The fact that it took me a year to get around to cleaning up a Cunningham is a testament to how busy I have been lately. Now, all things considered that's not that bad. Some people own so many that they've never even seen some of their bikes.
This is how I got this bike in late 2013. Rather dumpy build and barely functional. To be perfectly honest it wasn't too difficult to get this bike looking good. Aside from removing all of the extras like bar ends, ancient computer, rack and some other junk the rest of the hardware was in pretty good shape. The frame required some deep cleaning to remove years of built up clay and mud as well as some surface corrosion. Two weekends of careful cleaning with a toothbrush and some light abrasive compound and the bike looked much-much better.
This is the final result. Unlike some of my other bikes I don't think the Ham really needs any sort of fancy background. In fact these shots were taken about an hour after I took it out for a ride, just rinsed it off and voila.
It didn't take much, but I think the bike looks very much transformed into the machine it was made to be.
I did a little bit of maintenance after taking these photos, including adjusting the brakes and pads.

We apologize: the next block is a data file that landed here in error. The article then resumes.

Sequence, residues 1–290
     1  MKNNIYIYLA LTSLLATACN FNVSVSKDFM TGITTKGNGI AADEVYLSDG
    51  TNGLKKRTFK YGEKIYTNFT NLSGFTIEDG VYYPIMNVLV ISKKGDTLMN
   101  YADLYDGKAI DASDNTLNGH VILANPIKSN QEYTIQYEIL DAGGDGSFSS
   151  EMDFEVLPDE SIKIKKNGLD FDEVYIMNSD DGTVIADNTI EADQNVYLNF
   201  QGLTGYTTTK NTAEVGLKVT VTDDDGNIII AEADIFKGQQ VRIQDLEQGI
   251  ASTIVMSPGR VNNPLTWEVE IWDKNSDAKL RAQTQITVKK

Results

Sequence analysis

According to the letters between CC and the owner of this bike the steering angle limiter was designed by CC based off of sketches that Kirby sent to CC. I guess he had some issues with the brake arms hitting the frame and this was what he came up with. Pretty cool. The bike originally had a headset mounted cable stop which was included with the extras kit that came with the bike.
Maybe not quite as cool as the fixed angle post, but I like to be able to adjust my saddle and love the way CC made it work for this bike.
Although the bike was originally built in 86, in late 87 the original owner upgraded it to M730 XT. So, instead of trying to figure out how it was originally spec'd I decided to keep it that way. Everything works pretty damn well and the bike rides rather well.
One of the few Hams out there with a personalized serial number. I didn't know the man, but as far as a bike is concerned it's a pretty cool name. I suppose I should put some tape over the grease ports...
Off for a nice, long ride tomorrow. We'll see how he does on my favorite SoCal trail!